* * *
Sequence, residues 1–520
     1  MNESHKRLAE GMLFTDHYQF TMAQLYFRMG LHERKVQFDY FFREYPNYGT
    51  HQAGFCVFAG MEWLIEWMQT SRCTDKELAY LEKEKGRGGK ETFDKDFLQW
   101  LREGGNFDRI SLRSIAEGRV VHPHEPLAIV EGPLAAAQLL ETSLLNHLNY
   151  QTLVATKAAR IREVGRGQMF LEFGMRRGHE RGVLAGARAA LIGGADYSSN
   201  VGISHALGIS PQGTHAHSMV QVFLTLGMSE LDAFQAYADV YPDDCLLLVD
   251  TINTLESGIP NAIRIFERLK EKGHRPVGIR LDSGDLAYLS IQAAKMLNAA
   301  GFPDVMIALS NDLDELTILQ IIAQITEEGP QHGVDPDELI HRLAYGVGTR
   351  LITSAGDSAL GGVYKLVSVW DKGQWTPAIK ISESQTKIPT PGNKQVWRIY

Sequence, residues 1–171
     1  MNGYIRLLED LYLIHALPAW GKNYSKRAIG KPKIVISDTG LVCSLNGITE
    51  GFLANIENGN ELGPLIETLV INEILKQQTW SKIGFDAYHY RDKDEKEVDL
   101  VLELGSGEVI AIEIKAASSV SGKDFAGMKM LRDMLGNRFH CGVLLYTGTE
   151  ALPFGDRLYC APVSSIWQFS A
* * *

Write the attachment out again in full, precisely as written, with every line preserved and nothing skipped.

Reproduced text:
Sequence, residues 1–520
     1  MNESHKRLAE GMLFTDHYQF TMAQLYFRMG LHERKVQFDY FFREYPNYGT
    51  HQAGFCVFAG MEWLIEWMQT SRCTDKELAY LEKEKGRGGK ETFDKDFLQW
   101  LREGGNFDRI SLRSIAEGRV VHPHEPLAIV EGPLAAAQLL ETSLLNHLNY
   151  QTLVATKAAR IREVGRGQMF LEFGMRRGHE RGVLAGARAA LIGGADYSSN
   201  VGISHALGIS PQGTHAHSMV QVFLTLGMSE LDAFQAYADV YPDDCLLLVD
   251  TINTLESGIP NAIRIFERLK EKGHRPVGIR LDSGDLAYLS IQAAKMLNAA
   301  GFPDVMIALS NDLDELTILQ IIAQITEEGP QHGVDPDELI HRLAYGVGTR
   351  LITSAGDSAL GGVYKLVSVW DKGQWTPAIK ISESQTKIPT PGNKQVWRIY

Sequence, residues 1–171
     1  MNGYIRLLED LYLIHALPAW GKNYSKRAIG KPKIVISDTG LVCSLNGITE
    51  GFLANIENGN ELGPLIETLV INEILKQQTW SKIGFDAYHY RDKDEKEVDL
   101  VLELGSGEVI AIEIKAASSV SGKDFAGMKM LRDMLGNRFH CGVLLYTGTE
   151  ALPFGDRLYC APVSSIWQFS A